Update 01/01/2023: We have updated this tutorial to reflect the changes done in Nitrux 2.6.0, including the discontinuation of the Minimal ISO.
Today’s tutorial will check how to install another desktop environment in Nitrux using Distrobox.
Let me start by stating the following.
Our primary focus is with Plasma and MauiKit.
It’s vital to know that the Distrobox developer considers using Distrobox for this purpose “an experiment,” so have that in mind.
What is a desktop environment?
In computing, a desktop environment (DE) implements the desktop metaphor of a bundle of programs running on top of a computer operating system that shares a standard graphical user interface (GUI), sometimes described as a graphical shell.
With that said, let’s see how you can add other DEs to Nitrux.
Following up on our tutorial on using Distrobox, we will use the container we created to install Gnome. So first, we need to install it.
- The following command will install the Gnome meta-package, which includes Gnome Shell and various Gnome apps, including Nautilus, Rhythmbox, Tweaks, Gnome Software, etc. The meta-package may not include other software you expect, so install it.
distrobox-enter --name debian11-distrobox -- sudo apt install gnome
After the command completes the installation, we need to create a session file.
- ⚠️ Important: Use the correct container name for the launcher to work.
- ⚠️ Important: We need to move the session file to the directory where X11 sessions are stored in the root directory, so make sure to read the Notes to know how to work with overlayroot.
- ⚠️ Important: As noted in the source for creating this tutorial, the launcher can launch a Wayland session, but YMMV.
>> distrobox-gnome.desktop printf "%s\n" \ '[Desktop Entry]' \ 'Name=GNOME' \ 'Comment=This session logs you into GNOME' \ 'Exec=distrobox-enter -n debian11-distrobox -- /usr/bin/gnome-session --builtin' \ 'Type=Application' \ 'DesktopNames=GNOME' \ 'X-GDM-SessionRegisters=true' sudo mv distrobox-gnome.desktop /usr/share/xsessions/ ### OR for Wayland sudo mv distrobox-gnome.desktop /usr/share/wayland-sessions/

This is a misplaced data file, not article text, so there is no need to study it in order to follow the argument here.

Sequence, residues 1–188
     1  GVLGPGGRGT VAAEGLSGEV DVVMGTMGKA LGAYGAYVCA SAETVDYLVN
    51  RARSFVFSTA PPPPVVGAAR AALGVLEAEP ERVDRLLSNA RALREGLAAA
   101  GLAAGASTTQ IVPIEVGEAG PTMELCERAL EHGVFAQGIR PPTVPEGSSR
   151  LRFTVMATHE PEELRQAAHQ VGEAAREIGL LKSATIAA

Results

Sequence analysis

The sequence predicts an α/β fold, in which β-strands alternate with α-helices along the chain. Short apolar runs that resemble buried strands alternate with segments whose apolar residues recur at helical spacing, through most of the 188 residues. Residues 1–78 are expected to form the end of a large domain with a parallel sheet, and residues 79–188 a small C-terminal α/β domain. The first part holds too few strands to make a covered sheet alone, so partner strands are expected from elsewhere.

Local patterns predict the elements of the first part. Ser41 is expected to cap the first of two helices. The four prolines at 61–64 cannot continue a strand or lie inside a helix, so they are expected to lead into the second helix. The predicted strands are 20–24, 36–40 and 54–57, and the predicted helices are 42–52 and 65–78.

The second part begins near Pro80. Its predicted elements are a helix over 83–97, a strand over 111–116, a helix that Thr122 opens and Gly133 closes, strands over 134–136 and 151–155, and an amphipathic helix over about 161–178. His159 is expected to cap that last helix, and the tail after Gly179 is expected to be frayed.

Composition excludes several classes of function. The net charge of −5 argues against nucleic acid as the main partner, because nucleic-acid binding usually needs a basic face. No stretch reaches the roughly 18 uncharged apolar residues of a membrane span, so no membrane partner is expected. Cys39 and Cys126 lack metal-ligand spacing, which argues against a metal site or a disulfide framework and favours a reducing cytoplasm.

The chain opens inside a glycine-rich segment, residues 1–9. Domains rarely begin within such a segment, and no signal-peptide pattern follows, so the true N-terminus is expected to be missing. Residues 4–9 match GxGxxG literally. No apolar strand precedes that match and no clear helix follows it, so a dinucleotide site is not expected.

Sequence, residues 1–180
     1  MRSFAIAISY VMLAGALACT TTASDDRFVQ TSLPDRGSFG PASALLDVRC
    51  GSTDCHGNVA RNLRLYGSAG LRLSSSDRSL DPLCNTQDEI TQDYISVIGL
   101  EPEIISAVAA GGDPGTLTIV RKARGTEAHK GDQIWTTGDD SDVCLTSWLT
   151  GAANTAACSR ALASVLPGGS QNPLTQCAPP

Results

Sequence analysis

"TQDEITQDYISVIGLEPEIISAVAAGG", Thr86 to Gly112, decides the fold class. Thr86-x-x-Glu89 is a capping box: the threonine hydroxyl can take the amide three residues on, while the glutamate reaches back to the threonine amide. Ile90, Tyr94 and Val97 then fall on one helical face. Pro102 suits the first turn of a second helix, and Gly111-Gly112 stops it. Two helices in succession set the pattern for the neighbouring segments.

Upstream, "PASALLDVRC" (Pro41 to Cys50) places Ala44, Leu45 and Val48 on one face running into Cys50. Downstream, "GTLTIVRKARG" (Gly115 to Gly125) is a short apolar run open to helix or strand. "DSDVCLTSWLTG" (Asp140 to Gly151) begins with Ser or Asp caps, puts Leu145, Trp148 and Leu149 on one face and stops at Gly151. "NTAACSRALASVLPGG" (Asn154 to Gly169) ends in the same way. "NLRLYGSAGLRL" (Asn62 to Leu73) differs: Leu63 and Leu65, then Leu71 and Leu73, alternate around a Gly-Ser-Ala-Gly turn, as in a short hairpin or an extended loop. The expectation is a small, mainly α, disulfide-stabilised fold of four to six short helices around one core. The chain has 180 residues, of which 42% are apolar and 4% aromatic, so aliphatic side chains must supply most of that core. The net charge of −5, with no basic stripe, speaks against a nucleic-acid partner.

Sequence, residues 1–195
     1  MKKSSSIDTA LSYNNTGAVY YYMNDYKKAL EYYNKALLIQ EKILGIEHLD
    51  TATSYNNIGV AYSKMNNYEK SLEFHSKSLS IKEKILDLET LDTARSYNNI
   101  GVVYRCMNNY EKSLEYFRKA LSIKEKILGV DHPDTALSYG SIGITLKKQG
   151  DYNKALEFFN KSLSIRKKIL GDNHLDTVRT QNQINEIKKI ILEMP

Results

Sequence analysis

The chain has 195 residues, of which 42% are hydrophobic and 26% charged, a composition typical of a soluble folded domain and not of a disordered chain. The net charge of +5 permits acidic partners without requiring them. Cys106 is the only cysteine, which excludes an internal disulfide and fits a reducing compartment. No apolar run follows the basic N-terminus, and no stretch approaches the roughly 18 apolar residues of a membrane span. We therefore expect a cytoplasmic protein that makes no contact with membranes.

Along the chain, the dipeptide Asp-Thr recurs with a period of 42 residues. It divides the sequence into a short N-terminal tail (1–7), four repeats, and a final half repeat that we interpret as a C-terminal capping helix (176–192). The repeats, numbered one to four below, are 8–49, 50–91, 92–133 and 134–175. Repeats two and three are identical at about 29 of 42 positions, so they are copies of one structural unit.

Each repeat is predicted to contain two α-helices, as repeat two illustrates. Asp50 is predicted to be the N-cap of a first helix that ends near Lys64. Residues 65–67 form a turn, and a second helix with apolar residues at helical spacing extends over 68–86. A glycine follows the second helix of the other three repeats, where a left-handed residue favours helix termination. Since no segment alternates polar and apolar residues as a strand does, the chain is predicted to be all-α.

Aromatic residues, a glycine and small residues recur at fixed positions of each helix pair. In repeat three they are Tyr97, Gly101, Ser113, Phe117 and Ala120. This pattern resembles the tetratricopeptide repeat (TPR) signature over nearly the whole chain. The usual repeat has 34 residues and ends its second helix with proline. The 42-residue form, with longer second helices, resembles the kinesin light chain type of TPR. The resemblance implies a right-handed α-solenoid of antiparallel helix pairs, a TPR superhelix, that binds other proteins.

Then we need to create a script that will attempt to correct the permissions of the X11 socket so that the container can display graphical output when we log in to the Gnome session.
- ⚠️ Important: We need to move the script file to the directory in the root file system, so make sure to read the Notes to know how to work with overlayroot.
>> fix_tmp.sh printf "%s\n" \ 'chown -f -R $USER:$USER /tmp/.X11-unix' sudo mv fix_tmp.sh /etc/profile.d/
Once we’ve done both of these tasks, the final task is to create two symbolic links inside the container. To avoid confusion, we should enter the container.
distrobox-enter --name debian11-distrobox
And once inside the container, run the following commands.
sudo ln -sv /run/host/run/dbus /run/dbus sudo ln -sv /run/host/run/systemd/system /run/systemd/system
Then we type exit to log out of the container, log out of Plasma and log in to Gnome.
And so, we’re using Gnome. If you’d like to install other desktop environments or window managers, we’ll leave a list with some of the meta-packages available in Debian.
- If you’re using another Linux distribution for your container, please refer to each distribution package search method to find the appropriate name of the meta-packages.
### XFCE distrobox-enter --name debian11-distrobox -- sudo apt install xfce4 ### LXQt distrobox-enter --name debian11-distrobox -- sudo apt install lxqt ### MATE distrobox-enter --name debian11-distrobox -- sudo apt install mate-desktop-environment ### Cinnamon distrobox-enter --name debian11-distrobox -- sudo apt install cinnamon-desktop-environment ### Enlightment distrobox-enter --name debian11-distrobox -- sudo apt install enlightment ### i3 distrobox-enter --name debian11-distrobox -- sudo apt install i3 ### jwm distrobox-enter --name debian11-distrobox -- sudo apt install jwm
- We used Debian 11 for this tutorial; if you want to use a newer version of Gnome (or other desktop environments or window managers), create a container with such distributions, such as Fedora rawhide, Arch Linux, Gentoo, etc.
For an unknown reason, launching some apps from the Overview will not launch the apps; as a workaround, what we tested was to copy the launcher from /usr/share/applications (within the container, of course), then edit the file and removing “%U” from the Exec= line and then adding the launcher back to /usr/share/applications.
We guess that it could be related to DBus, so it can be something that Distrobox can resolve (definitely, it isn’t a bug caused by Nitrux); however, as we noted earlier, using Distrobox for this purpose is experimental (as noted by its developer.)
Another possibility could be that it may be something related to systemd and how it handles users since the container, unlike Nitrux, will include systemd (if that’s what the distribution uses.)
We’re basing our tutorial on this tutorial by the Distrobox developer, so, again, it is referred to as an “EXPERIMENTAL” capability of Distrobox.
That’s it; this concludes today’s tutorial.